Mined in more than 50 countries, zinc is the 4th most widely used metal after aluminum, iron and copper. Its mostly used as an alloying metal with copper to make brass, as corrosion-protection coatings on steel, as diecastings and as a chemical compounds in rubber, ceramics, paints, and agriculture. Also it’s found to be a necessary element for proper growth and development of living beings. About 80% of the world’s zinc is obtained through underground mining, while about 8% is mined via open pits with the rest using a combo of both methods. Zinc mine operators include Nyrstar, Xstrata, Boliden AB, Teck Resources. In 90’s, the leading ore-producing countries in terms of mine production were Australia, Canada and the U.S.S.R. While the leading metal-producing countries in terms of primary smelter production were the Japan, U.S.S.R and Canada. In the same year the US accounted for only about 7% of world mine output and about 5% of world smelter production. This was not always so as during most of the 1900 to 70’s period, the US was the world’s leading mine and smelter producer of zinc and, in the 50’s, accounted for more than 50% of world metal production. From the late 60’s to the mid-80’s, U.S. mine and smelter production declined by 1/2 and 2/3, respectively. USA returned to its formal glory in 1989 and 1990 owing to the opening of a large zinc mine in Alaska. Currently USA is one of the largest producers of zinc. Zinc mining in the US produced an all-time high of 820,000 metric tons of zinc in 2014, making it the world’s 4th largest zinc producer, after Australia, China and Peru. Mines in Alaska accounts for more than 50% of the USA’s zinc and lead. Opened in 1989 the Red Dog mine is the world’s largest producer of zinc and has the world’s largest zinc reserves. An open-pit truck-and-loader operation which uses conventional drill and blast mining methods, the Red Dog is located about 170 kms north of the Arctic Circle in northwest Alaska, near Kotzebue and its mine site is only accessible by air. Operated by the commercial mining company Teck Resources in partnership with NANA Development Corporation the Red Dog accounts for 10% of the world’s zinc production. It accounted for more than 55% of the mineral value produced in Alaska in 2008. As the mine produced 515,200 metric tons of zinc, 122,600 metric tons of lead, and 283 metric tons of silver, for a total metal value of over one billion dollars. At the end of 2008 the mine had reserves of 61,400,000 metric tons of zinc at a grade of 17.1% and 61,400,000 tonnes of lead at a grade of 4.5%, as well as notable additional lead and zinc in the less well-measured resource category. In 2014, 609,000 metric tons of zinc, 78% of US mined zinc output, and 4.6% of world zinc output, came from the Red Dog mine. The value of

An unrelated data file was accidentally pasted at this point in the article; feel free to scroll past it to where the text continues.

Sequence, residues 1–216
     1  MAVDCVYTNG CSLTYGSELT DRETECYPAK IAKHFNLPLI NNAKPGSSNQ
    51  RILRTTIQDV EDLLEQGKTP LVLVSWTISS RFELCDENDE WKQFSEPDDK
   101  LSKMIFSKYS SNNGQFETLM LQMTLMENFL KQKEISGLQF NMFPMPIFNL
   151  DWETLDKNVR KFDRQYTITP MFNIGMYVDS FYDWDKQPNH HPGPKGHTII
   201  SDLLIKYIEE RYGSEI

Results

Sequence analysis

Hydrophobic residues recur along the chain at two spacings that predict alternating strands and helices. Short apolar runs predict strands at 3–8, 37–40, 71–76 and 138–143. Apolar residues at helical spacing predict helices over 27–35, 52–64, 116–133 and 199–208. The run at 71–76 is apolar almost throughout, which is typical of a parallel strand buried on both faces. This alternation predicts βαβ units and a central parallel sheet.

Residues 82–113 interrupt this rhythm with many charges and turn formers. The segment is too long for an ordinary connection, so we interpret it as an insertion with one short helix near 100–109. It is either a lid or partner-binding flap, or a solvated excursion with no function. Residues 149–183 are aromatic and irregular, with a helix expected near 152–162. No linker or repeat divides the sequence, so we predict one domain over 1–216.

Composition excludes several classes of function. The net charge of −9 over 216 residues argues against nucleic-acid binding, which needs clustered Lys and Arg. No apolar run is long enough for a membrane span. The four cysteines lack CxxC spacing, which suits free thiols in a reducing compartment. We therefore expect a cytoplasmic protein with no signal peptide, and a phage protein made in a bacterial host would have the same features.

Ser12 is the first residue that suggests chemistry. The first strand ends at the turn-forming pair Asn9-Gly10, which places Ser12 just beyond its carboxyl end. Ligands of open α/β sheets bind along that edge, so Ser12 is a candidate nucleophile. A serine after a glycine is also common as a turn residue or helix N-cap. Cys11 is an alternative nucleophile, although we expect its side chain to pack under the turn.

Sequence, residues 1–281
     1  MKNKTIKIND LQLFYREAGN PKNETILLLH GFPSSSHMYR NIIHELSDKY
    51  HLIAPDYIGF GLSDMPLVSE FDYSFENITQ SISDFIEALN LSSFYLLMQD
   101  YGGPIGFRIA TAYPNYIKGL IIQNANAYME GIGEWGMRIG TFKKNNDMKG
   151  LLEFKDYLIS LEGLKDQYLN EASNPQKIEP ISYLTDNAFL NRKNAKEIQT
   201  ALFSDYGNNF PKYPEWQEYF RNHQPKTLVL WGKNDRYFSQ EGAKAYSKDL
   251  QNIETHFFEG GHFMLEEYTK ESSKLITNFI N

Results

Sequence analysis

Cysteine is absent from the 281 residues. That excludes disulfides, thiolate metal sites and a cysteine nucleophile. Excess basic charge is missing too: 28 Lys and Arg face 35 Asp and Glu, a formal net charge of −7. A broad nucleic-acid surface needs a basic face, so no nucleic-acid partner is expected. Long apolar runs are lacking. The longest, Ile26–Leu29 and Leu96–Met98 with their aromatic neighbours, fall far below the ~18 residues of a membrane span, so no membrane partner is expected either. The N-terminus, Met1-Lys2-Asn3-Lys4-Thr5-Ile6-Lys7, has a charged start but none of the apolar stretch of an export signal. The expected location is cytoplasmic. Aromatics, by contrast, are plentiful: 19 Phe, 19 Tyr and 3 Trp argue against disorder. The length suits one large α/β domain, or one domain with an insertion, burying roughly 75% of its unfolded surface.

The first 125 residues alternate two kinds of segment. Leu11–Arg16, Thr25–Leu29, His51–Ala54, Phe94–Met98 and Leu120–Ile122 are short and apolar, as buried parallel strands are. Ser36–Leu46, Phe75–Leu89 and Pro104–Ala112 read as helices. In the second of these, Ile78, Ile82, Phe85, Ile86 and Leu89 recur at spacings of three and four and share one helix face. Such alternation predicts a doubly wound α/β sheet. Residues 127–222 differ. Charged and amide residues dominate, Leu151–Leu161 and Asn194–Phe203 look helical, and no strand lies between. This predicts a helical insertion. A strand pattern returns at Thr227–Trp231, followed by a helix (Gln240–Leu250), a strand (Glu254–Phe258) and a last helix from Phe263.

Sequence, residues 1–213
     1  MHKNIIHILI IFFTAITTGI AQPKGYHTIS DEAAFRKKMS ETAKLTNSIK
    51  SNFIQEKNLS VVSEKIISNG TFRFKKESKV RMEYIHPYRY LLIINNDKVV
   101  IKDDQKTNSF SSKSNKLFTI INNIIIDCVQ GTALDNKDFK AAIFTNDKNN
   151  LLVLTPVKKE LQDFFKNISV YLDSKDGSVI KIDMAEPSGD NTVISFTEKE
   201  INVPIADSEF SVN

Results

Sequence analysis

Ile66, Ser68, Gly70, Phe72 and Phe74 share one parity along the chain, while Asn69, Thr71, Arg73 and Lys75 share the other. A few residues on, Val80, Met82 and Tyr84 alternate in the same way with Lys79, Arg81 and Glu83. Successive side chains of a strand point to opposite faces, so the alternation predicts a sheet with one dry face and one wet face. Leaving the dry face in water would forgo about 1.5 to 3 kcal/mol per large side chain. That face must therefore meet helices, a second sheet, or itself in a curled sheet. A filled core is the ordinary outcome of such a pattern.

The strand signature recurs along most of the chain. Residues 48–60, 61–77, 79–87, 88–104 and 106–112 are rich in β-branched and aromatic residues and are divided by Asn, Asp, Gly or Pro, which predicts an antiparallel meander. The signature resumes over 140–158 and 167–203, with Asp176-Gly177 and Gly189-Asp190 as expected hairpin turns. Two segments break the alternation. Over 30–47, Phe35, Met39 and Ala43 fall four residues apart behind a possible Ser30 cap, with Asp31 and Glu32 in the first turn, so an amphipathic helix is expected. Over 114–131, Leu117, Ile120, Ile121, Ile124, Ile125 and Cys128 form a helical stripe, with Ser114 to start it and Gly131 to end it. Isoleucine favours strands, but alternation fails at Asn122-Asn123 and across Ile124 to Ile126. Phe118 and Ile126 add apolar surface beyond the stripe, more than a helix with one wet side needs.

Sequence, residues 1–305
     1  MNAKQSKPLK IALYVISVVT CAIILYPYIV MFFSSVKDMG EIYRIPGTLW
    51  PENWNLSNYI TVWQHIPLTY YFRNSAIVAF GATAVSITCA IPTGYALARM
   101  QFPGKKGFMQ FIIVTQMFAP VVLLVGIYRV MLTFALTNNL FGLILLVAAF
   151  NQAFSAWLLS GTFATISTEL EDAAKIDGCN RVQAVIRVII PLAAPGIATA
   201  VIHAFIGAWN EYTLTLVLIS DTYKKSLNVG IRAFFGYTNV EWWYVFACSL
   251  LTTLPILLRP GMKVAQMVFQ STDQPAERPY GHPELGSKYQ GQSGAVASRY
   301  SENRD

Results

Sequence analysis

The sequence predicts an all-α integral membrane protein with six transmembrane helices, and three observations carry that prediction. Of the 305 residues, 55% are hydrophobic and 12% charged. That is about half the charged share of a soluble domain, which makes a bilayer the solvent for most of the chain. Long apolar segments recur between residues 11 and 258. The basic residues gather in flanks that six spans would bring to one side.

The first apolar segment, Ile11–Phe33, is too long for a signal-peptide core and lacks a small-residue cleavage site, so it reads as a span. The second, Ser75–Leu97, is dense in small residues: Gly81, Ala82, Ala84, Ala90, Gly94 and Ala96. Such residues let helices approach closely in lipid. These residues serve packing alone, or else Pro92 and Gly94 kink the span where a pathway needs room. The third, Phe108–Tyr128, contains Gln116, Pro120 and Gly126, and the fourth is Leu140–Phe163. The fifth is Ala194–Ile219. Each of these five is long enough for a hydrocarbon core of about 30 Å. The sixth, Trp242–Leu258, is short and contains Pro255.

Satistics of Zinc Mines In USA
in 2003, based on contained zinc recoverable from concentrate, was about $664 mill. Produced in five States by ten mines operated by seven companies.Missouri, Alaska and Tennessee accounted for 97% of domestic mine output; the Red Dog Mine in Alaska alone accounted for about 3/4 of the total U.S. production. Current zinc-mining districts in US along with Alaska are Idaho, Missouri, and Tennessee. Another mine the Gordonsville mine is situated near Nashville and produces 45 000 t zinc per year as well as a substantial amount of germanium (one of the largest sources in the world). The Clinch Valley Mine is located north of Knoxville, and has the potential to produces 12 000t zinc per year. Currently US is a little struggling with zinc production as the US produced 780,000 MT of zinc in 2016, a slight decrease from 2015’s 825,000 MT. The reason for this decrease in production was mainly due to the closure of Nyrstar Middle Tennessee mines in December 2015. The mines were able to produce 50,000 tonnes of zinc in concentrate per year. Looking at today’s market zinc is the best performing major metal throughout the mineral commodities market. As with declining supply due to closure of two major mines the demand for zinc keeps growing especially in Asia. Similarly both the US and EU have also seen growth in zinc demand. Along with being the leading producer the US has also been the leading world consumer of zinc since the early 1900’s and currently consumes about 1/7th of world output. As a result of the considerable decrease in domestic zinc smelter capacity, reliance on imports of metal remains high. Ironically, the United States is a major world exporter of zinc concentrate, but at the same time continues to be the world’s largest importer of refined zinc. In 2013, 935,000 tons of zinc was consumed by US.